The inquiry-based approach of Van Graft and Kemmers (2007) appears to serve the aforementioned criteria of scaffolding. The lessons include whole-class conversations and collaborative work in which discussing, experimenting, writing exercises and reasoning have a central role (Anderson, 2002; Quintana et al., 2004). These activities stimulate pupils to use scientific language in spoken or written form, providing opportunities for the teacher to diagnose their current level. Subsequently, the teacher can enrich pupils’ scientific language use by implementing a scaffolding strategy that seems suitable for the pupil(s) in the specific context. By providing support adjusted to the needs of the pupil(s), the teacher can contingently support them in their scientific language development. An important goal of inquiry-based learning is that teachers help pupils to transition toward independence of the teacher (Linn, 2000). This is in line with the third criterion of scaffolding, handover to independence. In this context, the learning goal is that pupils will be able to use the scientific language without the support of the teacher.

In this case study we assisted a teacher in using scaffolding strategies to support scientific language development during inquiry-based science and technology lessons in a classroom with native Dutch speakers. We developed an instructional sequence in which science and scientific language learning were integrated and we stimulated the teacher to use a repertoire of scaffolding strategies by participating in interviews (e.g., stimulated recall) and by writing reflective reports (see Bakkenes et al., 2010). We adopted the scaffolding strategies from the studies of Smit and Van Eerde (2013) and Silva et al. (2012). These studies were, to our knowledge, the only ones that reported on strategies that have been empirically tested in similar contexts of primary classrooms. We based our repertoire on that of Smit and Van Eerde (2013) because their strategies were developed for Dutch education, complemented with strategies developed by Silva et al. (2012). This resulted in the eight scaffolding strategies presented in Table 1.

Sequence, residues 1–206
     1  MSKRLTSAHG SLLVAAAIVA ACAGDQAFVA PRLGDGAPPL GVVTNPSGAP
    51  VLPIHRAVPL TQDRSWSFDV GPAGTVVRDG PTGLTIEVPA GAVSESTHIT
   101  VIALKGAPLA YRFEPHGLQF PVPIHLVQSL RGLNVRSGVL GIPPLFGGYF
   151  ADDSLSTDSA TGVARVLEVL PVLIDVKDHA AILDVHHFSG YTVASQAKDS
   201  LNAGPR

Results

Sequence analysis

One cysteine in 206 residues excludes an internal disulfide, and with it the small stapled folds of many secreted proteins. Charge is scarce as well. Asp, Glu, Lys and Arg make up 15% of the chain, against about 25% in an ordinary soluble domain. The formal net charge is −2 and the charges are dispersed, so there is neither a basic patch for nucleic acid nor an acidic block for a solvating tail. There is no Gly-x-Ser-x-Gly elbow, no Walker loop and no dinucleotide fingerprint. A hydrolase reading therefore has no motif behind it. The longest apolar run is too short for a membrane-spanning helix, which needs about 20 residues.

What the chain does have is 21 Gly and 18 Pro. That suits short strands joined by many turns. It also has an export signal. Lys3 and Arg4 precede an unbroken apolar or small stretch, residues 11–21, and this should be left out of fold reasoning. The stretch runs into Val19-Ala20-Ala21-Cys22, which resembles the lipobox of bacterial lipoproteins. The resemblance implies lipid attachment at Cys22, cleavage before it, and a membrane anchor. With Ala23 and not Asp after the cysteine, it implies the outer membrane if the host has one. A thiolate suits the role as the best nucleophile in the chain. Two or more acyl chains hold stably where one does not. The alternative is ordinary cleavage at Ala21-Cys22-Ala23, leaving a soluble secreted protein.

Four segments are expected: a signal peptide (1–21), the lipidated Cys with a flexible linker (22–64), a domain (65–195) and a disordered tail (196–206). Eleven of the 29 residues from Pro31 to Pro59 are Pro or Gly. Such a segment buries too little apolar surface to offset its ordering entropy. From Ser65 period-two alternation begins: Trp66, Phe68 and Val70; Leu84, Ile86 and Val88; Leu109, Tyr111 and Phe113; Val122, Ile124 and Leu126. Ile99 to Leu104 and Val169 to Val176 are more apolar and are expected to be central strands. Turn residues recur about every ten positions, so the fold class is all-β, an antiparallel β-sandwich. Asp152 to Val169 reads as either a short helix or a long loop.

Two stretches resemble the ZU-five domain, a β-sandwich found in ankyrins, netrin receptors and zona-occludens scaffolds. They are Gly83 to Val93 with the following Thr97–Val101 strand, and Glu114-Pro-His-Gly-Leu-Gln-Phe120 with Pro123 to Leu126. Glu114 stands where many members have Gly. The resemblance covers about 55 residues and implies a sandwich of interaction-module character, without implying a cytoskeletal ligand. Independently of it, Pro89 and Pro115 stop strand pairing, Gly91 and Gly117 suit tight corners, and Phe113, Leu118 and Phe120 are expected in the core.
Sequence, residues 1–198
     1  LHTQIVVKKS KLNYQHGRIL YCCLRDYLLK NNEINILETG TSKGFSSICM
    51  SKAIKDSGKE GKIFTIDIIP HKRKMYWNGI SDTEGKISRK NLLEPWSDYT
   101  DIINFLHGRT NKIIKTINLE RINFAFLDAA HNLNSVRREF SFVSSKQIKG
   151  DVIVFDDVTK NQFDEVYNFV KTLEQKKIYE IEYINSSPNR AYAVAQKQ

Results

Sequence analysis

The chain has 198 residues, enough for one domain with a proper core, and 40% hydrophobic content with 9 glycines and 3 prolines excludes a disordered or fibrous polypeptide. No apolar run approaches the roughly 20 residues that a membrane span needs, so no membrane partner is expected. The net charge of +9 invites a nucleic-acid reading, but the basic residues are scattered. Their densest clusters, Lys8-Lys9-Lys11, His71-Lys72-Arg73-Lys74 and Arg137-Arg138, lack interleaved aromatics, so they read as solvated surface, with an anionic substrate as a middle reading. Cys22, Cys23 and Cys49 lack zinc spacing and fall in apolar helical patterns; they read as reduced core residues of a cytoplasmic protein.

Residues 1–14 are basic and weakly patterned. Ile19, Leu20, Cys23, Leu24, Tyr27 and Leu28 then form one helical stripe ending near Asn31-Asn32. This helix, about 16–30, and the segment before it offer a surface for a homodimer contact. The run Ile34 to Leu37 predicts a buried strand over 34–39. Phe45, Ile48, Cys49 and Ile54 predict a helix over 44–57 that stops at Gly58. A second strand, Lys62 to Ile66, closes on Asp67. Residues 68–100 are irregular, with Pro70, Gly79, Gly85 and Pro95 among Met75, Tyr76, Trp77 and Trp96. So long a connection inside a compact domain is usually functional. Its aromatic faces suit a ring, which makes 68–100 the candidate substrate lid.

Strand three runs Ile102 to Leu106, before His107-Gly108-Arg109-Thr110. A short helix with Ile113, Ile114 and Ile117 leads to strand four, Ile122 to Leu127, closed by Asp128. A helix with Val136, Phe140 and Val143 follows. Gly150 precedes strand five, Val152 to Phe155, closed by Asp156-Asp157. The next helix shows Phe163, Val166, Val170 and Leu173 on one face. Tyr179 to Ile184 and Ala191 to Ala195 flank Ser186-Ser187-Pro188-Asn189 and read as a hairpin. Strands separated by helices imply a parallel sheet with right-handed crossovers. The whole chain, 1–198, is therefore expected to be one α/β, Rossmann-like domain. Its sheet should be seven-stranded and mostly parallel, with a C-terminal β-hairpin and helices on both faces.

Table 1. Scaffolding strategies that are suggested to the teacher

1. Reformulate pupils’ utterances (spoken or written) into more scientific wording

2. Ask pupils to be more precise in their spoken language or to improve their language

3. Use gestures or tools to support verbal reasoning

4. Repeat correct pupil utterances (written or spoken)

5. Remind pupils to use a designed scaffold as a supporting material